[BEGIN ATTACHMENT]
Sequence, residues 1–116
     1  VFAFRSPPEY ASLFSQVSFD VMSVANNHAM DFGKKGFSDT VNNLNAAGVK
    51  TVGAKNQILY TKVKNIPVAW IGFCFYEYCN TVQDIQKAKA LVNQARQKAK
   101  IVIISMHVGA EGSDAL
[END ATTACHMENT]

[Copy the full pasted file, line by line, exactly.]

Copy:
Sequence, residues 1–116
     1  VFAFRSPPEY ASLFSQVSFD VMSVANNHAM DFGKKGFSDT VNNLNAAGVK
    51  TVGAKNQILY TKVKNIPVAW IGFCFYEYCN TVQDIQKAKA LVNQARQKAK
   101  IVIISMHVGA EGSDAL